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City of Breaux Bridge v. Union Pacific Railroad Co.

United States District Court, W.D. Louisiana, Lafayette Division

December 20, 2018





         Before the Court are the parties' response memorandums, [Rec. Doc. 16, filed by the defendant on August 31, 2018; and Rec. Doc. 20, filed by the plaintiff on September 7, 2018], to the Court's Sua Sponte Jurisdictional Briefing Order, [Rec. Doc. 11, August 10, 2018], which requested that the parties address whether the Court has federal question jurisdiction or federal diversity jurisdiction over this case, and the plaitniff's Motion for Leave to File Amended Complaint. [Rec. Doc. 14, filed August 31, 2018]. For the reasons that follow, the Court finds that it does have jurisdiction.

         I. BACKGROUND

         Defendant, Union Pacific Railroad Co., owns a railroad line that crosses plaintiff's, City of Breaux Bridge, Louisiana's, municipal boundaries. Plaintiff alleges that defendant is “obstructing, retarding or interfering” with the “proper and natural drainage” of the nearby lands within the City of Breaux Bridge. [R. Doc. 1.1 at 5, filed July 3, 2018]. Plaintiff filed suit in the Sixteenth Judicial District Court for the State of Louisiana under La. R.S. § 45:457[1] alleging that the defendant had an obligation to start “constructing [. . .] culverts[2] and drains” under the roadbeds that were allegedly obstructing the “proper and natural drainage” of the lands of properties adjacent to the defendant's railway because the railway culvert crossing does not adequately drain the land of the properties. [Rec. Doc. 1.1 at 5, filed July 3, 2018].

         Defendant removed the case to this Court claiming that the Louisiana statute is completely preempted by 49 U.S.C. Section 10501(b) of the Interstate Commerce Commission Termination Act (“ICCTA”). [Rec. Doc. 1, filed July 3, 2018]. Defendant contends that the Court has jurisdiction over this action under 28 U.S.C. § 1332 as the case presents a federal question, and, alternatively, subject matter jurisdiction as the matter is between citizens of different states and the case in controversy exceeds $75, 000. Plaintiff filed a Motion to Remand in response to the defendant's Notice of Removal. [Rec. Doc. 22, filed September 10, 2018].


         Once a motion to remand has been filed, the burden is on the removing party to establish that federal jurisdiction exists. De Aguilar v. Boeing Co., 47 F.3d 1404, 1408 (5th Cir. 1995). The removal statute is to be strictly construed, and any doubt about the propriety of removal must be resolved in favor of remand and against federal-court jurisdiction. Carpenter v. Wichita Falls Indep. Sch. Dist., 44 F.3d 362, 365-366 (5th Cir. 1998). “If at any time before final judgment it appears that the district court lacks subject matter jurisdiction, the case shall be remanded.” 28 U.S.C. § 1447(c).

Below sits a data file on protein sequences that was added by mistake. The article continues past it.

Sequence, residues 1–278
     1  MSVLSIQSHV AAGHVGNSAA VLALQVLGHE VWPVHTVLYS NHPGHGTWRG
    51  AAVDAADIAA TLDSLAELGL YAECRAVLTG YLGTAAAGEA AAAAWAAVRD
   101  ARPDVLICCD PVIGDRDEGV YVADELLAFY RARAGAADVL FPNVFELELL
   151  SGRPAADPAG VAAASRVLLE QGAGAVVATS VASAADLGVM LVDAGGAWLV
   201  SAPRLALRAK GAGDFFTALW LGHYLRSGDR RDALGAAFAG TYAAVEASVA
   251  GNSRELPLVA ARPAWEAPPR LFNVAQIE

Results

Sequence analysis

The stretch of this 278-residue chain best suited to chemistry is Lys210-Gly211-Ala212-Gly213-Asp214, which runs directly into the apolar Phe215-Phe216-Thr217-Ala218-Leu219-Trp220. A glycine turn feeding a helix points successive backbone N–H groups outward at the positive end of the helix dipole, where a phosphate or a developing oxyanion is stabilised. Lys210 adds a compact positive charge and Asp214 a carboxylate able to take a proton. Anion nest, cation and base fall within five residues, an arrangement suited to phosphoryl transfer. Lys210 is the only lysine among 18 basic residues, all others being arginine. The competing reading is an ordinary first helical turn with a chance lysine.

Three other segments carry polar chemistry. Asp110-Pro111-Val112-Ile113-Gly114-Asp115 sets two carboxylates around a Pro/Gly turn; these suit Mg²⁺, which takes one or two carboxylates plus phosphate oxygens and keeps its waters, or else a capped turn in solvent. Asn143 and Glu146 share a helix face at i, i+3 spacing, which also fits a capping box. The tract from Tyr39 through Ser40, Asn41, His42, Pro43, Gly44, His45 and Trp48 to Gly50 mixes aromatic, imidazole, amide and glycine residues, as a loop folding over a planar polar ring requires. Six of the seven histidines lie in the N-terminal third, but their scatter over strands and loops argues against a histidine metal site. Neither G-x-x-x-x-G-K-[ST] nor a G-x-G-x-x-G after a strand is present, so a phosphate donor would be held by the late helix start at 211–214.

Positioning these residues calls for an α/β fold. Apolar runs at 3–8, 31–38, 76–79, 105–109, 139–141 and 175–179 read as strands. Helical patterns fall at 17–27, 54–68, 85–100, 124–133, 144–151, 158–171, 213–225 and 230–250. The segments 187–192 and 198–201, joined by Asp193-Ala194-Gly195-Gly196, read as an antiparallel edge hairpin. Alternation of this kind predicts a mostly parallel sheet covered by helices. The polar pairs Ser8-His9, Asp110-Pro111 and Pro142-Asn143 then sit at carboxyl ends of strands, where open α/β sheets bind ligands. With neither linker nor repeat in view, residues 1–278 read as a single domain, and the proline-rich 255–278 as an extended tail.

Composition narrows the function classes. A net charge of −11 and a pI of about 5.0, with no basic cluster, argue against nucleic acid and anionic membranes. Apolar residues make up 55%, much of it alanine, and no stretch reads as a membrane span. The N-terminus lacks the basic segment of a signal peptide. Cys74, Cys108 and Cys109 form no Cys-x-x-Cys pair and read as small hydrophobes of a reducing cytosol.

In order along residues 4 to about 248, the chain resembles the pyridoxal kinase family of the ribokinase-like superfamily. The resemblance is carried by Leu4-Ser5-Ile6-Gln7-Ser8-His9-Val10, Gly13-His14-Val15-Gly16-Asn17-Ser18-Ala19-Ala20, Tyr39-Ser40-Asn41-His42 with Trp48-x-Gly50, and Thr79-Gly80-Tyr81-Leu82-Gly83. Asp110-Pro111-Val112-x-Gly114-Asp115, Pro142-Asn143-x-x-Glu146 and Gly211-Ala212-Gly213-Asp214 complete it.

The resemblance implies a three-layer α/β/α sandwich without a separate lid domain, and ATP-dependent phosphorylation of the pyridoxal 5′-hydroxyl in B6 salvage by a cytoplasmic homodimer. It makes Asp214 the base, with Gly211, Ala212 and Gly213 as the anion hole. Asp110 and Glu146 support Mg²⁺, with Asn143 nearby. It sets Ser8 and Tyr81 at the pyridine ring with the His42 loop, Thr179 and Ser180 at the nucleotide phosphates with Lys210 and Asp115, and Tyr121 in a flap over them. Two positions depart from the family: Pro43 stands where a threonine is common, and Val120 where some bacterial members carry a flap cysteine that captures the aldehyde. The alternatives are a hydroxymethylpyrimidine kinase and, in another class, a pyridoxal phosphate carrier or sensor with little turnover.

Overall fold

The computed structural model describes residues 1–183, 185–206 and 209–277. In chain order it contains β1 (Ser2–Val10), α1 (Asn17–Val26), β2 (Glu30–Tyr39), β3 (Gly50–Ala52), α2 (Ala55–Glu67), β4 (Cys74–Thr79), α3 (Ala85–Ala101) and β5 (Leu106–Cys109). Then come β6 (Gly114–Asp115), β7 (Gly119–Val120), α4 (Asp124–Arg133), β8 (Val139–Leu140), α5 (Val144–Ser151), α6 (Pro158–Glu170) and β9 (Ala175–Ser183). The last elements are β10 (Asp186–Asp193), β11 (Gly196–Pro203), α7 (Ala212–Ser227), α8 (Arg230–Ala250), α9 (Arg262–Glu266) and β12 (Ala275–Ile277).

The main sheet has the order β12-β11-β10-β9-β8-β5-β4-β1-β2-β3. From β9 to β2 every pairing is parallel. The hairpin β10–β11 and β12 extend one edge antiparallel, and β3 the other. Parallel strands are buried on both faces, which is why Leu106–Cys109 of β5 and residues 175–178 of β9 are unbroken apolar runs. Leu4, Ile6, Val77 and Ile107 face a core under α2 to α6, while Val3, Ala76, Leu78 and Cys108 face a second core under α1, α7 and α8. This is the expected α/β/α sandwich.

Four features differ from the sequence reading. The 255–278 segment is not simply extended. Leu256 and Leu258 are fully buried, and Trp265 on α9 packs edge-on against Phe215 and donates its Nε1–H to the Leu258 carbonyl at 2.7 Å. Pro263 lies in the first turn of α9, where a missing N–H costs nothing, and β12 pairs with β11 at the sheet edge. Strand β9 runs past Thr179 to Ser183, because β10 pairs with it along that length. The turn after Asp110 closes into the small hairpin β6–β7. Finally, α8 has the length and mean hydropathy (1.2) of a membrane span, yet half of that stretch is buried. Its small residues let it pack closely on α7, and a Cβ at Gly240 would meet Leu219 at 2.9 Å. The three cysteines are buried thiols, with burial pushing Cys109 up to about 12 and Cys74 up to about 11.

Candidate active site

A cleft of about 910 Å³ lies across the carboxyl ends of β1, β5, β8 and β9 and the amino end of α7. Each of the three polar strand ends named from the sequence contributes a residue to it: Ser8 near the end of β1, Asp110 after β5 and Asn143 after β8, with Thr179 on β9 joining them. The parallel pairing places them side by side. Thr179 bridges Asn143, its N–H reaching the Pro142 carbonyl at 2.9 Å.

Federal courts have jurisdiction over “all civil actions arising under the Constitution, laws, or treaties of the United States.” 28 U.S.C. § 1331. Courts apply the “well-pleaded complaint rule” to determine whether a suit arises under federal law, asking “whether the plaintiff has affirmatively alleged a federal claim.” New Orleans & Gulf Coast Ry. Co. v. Barrois, 533 F.3d 321, 328 (5th Cir.2008). As a corollary, “anticipated or potential defenses, including defenses based on federal preemption, do not provide a basis for federal question jurisdiction.” Id. “[I]t is now settled law that a case may not be removed to federal court on the basis of a federal defense, including the defense of pre-emption, even if the defense is anticipated in the plaintiff's complaint, and even if both parties concede that the federal defense is the only question truly at issue.” Caterpillar Inc. v. Williams, 482 U.S. 386, 393 (1987) (citation omitted) (emphasis in original). “An exception applies to this rule when the complete preemption doctrine applies.” Barrois, 533 F.3d at 330.

         “Under the complete preemption doctrine, what otherwise appears as merely a state law claim is converted to a claim arising under federal law for jurisdictional purposes because the federal statute so forcibly and completely displaces state law that the plaintiff's cause of action is either wholly federal or nothing at all.” Elam v. Kansas City S. Ry. Co., 635 F.3d 796, 803 (5th Cir. 2011) (internal quotation marks and citations omitted). “The question in complete preemption analysis is whether Congress intended the federal cause of action to be the exclusive cause of action for the particular claims asserted under state law.” Barrois, 533 F.3d at 331. “Congress can indicate its preemptive intent either expressly through a statute's plain language, or impliedly through a statute's structure and purpose.” Elam, 635 F.3d at 803 (internal quotation marks and citation omitted).

         “[C]omplete preemption doctrine applies to state causes of action that ‘fall squarely' under 49 U.S.C. § 10501(b) of the ICCTA.” Id. (citation omitted). Section 10501(b) provides:

(b) The jurisdiction of the [Surface Transportation] Board[3] over-
(1) transportation by rail carriers, and the remedies provided in this part with respect to rates, classifications, rules (including car service, interchange, and other operating rules), practices, routes, services, and facilities of such carriers; and
(2) the construction, acquisition, operation, abandonment, or discontinuance of spur, industrial, team, switching, or side tracks, or facilities, even if the tracks are located, or ...

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